AMY J. BARRY, Special to the Day
"Imagine a World Without Hate," an 80-second public service video by the Anti-Defamation League (ADL), commemorates the 100th anniversary of the world's leading civil rights/human relations agency by reinforcing its founding concept: to deter and counteract intolerance and hate.
The video, set to John Lennon's "Imagine," asks people to imagine the impact victims of hate crimes would have had on society if their lives hadn't been cut short by racism, homophobia or anti-Semitism. It pays tribute to the lives of civil rights icon Dr. Martin Luther King, Jr., hate crime victims Matthew Shepard and James Byrd Jr., Holocaust victim Anne Frank, former Israeli Prime Minister Yitzhak Rabin and slain journalist Daniel Pearl.
According to a recent ADL press release, more than 1 million people worldwide have viewed the video, which was released on March 20. It went viral on the Internet, inspiring "tweets and shares on social media from prominent individuals, celebrities and news sites."
To continue the fight against prejudice in local communities, ADL is developing a guide to enable educators to use the video in classrooms to teach young people about the impact of unchecked hatred.
"The video is a powerful and creative way to help people understand why ADL exists and what our mission is," says Gary Jones, regional director of the Connecticut ADL, which was founded in the early 1950s.
"When you view the video, there are also a number of actions steps, so people can be personally involved in creating a world without hate," he adds.
"The people who formed the ADL in 1913 realized if you're worried about one group in society, you have to be worried about all groups in society," Jones says. "You can't only be concerned about the Jewish people's place in our society, but everyone's. That was the mission statement 100 years ago and it's still true today. But if you're trying to fight hate, you can't be just a nationally-based organization, you have to be on the ground to have effective ability to counter hate and enhance respect for difference."
And that's why, Jones explains, ADL has a regional office structure with 28 offices nationwide that work in their regions to accomplish the organization's objectives.
Among the CT ADL's success stories in changing public policy was aggressively leading efforts to implement the new anti-bullying law that was signed into legislation by Gov. Malloy in 2011.
In its educational efforts, ADL established its A World of Difference Institute in Connecticut 22 years ago. The institute provides anti-bias education in schools and universities; in 2012, ADL's staff and trainers reached more than 20,000 students in K-12 and on college campuses, as well as teachers, parents, state employees and community members.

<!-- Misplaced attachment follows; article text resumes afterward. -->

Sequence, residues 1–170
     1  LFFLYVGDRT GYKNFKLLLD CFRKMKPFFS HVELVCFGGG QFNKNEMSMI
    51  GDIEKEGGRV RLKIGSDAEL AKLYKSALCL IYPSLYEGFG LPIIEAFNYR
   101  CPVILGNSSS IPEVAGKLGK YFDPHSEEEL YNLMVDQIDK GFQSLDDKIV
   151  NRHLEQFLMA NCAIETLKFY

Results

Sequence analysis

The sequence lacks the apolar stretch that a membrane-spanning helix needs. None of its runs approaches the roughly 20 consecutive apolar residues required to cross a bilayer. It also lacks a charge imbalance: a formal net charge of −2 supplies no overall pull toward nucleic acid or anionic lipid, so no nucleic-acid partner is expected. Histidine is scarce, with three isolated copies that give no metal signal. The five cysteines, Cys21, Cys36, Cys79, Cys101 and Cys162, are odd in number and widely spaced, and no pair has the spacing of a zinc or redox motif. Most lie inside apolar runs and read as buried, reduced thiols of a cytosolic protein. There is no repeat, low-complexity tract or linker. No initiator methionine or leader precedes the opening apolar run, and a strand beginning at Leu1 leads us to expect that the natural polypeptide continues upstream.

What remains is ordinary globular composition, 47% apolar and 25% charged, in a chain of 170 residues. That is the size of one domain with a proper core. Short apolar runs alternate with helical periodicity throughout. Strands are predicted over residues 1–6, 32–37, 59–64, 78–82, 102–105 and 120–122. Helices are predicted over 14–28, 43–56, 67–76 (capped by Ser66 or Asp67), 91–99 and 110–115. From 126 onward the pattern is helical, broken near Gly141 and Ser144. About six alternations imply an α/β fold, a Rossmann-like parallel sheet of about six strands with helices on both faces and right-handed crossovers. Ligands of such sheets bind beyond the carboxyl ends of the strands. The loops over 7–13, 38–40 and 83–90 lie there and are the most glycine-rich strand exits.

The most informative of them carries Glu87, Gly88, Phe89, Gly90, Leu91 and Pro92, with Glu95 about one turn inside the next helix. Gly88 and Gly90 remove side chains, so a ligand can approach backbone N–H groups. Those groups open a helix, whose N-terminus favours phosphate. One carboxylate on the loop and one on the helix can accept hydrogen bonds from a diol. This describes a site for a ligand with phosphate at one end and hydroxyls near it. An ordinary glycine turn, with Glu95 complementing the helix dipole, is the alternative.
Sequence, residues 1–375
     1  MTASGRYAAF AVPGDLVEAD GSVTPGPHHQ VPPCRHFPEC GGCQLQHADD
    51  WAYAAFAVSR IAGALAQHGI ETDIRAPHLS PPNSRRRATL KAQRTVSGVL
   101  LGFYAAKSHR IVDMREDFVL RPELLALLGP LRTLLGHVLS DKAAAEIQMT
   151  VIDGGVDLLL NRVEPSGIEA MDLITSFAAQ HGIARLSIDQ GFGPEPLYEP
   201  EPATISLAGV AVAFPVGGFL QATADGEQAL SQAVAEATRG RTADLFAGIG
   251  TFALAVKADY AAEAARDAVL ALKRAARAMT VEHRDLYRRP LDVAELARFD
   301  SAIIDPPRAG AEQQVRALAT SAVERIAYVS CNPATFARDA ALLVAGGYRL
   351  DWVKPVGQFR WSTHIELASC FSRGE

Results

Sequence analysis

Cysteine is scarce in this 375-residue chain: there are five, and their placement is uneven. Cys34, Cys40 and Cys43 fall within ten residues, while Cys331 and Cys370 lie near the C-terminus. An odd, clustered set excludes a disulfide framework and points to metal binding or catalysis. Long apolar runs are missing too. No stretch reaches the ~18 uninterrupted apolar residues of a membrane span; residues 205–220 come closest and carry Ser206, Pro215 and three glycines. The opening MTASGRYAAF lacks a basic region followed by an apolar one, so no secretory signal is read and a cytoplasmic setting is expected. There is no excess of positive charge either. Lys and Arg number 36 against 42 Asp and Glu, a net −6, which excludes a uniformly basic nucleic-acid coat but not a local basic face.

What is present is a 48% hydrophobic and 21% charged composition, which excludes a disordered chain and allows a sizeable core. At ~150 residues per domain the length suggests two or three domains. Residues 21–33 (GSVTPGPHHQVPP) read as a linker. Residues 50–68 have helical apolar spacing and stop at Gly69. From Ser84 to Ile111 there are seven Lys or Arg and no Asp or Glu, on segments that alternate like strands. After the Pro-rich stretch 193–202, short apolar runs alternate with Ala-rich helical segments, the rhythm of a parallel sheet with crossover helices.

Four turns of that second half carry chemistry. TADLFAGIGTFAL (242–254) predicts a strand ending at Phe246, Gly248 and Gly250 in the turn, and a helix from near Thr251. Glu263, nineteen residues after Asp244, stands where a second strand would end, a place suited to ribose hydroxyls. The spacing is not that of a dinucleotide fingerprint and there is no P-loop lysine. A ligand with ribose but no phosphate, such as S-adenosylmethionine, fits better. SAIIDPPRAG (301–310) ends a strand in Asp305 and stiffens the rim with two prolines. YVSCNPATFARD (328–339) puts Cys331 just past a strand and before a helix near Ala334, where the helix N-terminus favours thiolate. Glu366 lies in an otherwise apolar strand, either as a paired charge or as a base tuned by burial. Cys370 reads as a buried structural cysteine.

Jones credits "the quality and ingenuity" of CT ADL educators with developing the Names Can Really Hurt Us high school assembly program, which is now being implemented by ADLs across the country.
Coast Guard gets onboard
In 2008, CT ADL launched a program for the cadets at New London's Coast Guard Academy.
"Chief Diversity Officer Antonio Farias was one of the main folks who contacted us to find out what we had to offer," says Michelle Pincince-A World of Difference Institute project director. "He liked the idea of their cadets being able to reach out and educate other cadets about diversity, respect for differences, and creating a welcoming and inclusive campus."
Every year CT ADL trains a team of 20 to 30 students that the Coast Guard calls DPEs: Diversity Peer Educators.
"The DPEs were instrumental in briefing out and facilitating discussions on this year's gender relations survey dealing with topics of sexual assault, sexual harassment and gender bias," says Farias. "Of greatest interest to us is that the DPEs who graduated and are now officers are using their ADL-trained expertise out in the fleet, and that commanding officers are seeing it as a value-add to their ability to develop cultural competency and facilitation on their ships."
Pincince points out that the Coast Guard program is very well connected to the ADL's centennial in terms of imagining a world without hate.
"They look at how do you stop hate from developing? And it's about addressing the little things," she says. "We use something called The Pyramid of Hate with the cadets. It shows how hate develops from those little things: jokes, rumors, stereotypes. Once those take root, they can grow into prejudice, discrimination, violence and, even in extreme situations, genocide."
In light of such recent atrocities as the Newtown school shooting and Boston Marathon bombing, does it shake the ADL's belief that a world without hate is really possible, that the organization can make a difference?
"I've been doing this for almost 17 years and I'm still inspired every day," Pincince says. "I have a lot of hope because on almost a daily basis, I get to witness young people learning to stand up and stop being bystanders. The more allies we create, the greater the change we can create."
"If you observe our program over time and pay attention to the school systems where they're provided, you will see a positive change in school climates, real measurable progress in terms of race relations, acceptance of the gay community, and other areas of diversity" Jones says.
Pincince refers to a quote by Dr. Martin Luther King, Jr. that started circulating on the Internet after the Boston bombing: "Darkness cannot drive out darkness; only light can do that."
"We are in the business of creating more light and I think our light is stronger than the darkness," she says.
To view the "Imagine a World Without Hate" video, visit http://www.adl.org/imagine.